Uptake of protected urea and using low-emission slurry spreading (LESS) equipment are two of the main actions at farm level identified to reduce greenhouse gas and ammonia emissions and show that farmers are willing to change, IFA environment chair Paul O’Brien has said.

Sales of protected urea have increased this year, from January to June just under 40,000t was sold, compared to 21,000t in 2019.

O’Brien said: “Nobody is denying the scale of the climate challenge facing Irish farmers, but it is great to see farmers already adapting and getting on with it.

“In the midst of extreme scrutiny of farming practices, what often gets overlooked is the positive and tangible change that is occurring at farm level.”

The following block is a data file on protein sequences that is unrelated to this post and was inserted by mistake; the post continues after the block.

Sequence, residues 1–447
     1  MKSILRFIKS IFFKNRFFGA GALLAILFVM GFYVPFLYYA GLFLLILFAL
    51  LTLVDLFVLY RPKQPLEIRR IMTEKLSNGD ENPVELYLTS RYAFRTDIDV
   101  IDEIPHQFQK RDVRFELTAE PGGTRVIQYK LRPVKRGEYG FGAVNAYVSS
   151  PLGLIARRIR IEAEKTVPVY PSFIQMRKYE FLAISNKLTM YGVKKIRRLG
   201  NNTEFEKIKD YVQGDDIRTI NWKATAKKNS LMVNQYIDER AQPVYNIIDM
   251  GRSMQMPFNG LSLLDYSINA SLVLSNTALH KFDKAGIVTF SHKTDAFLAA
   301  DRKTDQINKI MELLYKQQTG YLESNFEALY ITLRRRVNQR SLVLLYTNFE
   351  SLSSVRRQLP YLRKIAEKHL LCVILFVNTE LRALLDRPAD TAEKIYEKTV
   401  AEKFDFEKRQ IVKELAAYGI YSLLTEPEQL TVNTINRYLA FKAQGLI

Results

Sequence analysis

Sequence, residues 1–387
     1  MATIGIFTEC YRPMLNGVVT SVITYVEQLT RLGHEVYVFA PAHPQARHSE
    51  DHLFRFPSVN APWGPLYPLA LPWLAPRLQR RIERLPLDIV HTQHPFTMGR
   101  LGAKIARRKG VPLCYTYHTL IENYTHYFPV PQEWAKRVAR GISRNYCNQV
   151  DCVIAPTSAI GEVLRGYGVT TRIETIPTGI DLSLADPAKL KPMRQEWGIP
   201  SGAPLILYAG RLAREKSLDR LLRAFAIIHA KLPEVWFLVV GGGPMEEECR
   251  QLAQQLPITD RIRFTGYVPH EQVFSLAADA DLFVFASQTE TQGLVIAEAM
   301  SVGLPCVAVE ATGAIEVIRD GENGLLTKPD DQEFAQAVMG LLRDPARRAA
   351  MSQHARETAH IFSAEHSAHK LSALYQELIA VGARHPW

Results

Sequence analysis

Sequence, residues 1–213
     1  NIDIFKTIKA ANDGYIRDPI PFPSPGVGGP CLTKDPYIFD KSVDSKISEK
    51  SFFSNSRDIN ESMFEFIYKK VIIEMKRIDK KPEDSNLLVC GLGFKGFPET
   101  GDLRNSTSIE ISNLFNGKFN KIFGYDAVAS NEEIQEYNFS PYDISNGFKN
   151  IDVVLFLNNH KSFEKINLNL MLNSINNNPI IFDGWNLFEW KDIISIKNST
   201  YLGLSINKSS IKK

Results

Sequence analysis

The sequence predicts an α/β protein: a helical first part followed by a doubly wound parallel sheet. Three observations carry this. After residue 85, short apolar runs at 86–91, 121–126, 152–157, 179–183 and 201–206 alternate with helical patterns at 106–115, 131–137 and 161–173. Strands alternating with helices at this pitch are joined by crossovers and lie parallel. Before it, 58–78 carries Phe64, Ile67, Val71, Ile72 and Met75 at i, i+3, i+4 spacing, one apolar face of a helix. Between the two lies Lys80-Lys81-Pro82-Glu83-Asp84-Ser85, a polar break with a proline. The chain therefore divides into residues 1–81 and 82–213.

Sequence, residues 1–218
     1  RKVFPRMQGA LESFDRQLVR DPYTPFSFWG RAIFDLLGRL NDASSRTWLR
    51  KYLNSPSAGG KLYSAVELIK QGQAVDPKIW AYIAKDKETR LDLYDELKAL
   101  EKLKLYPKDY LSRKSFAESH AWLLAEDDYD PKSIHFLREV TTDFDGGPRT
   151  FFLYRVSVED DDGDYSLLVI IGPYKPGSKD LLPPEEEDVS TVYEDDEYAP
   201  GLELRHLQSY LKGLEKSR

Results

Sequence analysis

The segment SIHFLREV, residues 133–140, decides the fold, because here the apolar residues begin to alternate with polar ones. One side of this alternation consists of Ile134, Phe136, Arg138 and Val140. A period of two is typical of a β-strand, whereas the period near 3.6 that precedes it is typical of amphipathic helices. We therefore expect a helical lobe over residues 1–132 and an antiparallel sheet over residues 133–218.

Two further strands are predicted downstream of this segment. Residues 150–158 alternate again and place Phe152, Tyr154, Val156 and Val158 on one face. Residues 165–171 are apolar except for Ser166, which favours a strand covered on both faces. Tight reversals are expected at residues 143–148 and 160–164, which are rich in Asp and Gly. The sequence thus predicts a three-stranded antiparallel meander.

Willing to change

The IFA has said that these actions show that farmers are willing to change, but highlighted that a focussed plan is needed to encourage farmers to take up the measures identified in the Teagasc MACC.

Teagasc research identified protected urea as the number one technology to reduce losses of both ammonia from urea and nitrous oxide into the atmosphere.

IFA dairy chair Tom Phelan said that with grant support from TAMS, farmers have already invested an estimated €79.6m in LESS equipment such as trailing shoes and dribble bars.

Phelan said: “There is a six- to nine-month waiting list for such machinery, which clearly indicates the interest among farmers. Next year, all farmers in receipt of a nitrates derogation must spread their slurry with LESS. This is real change delivered by farmers.”

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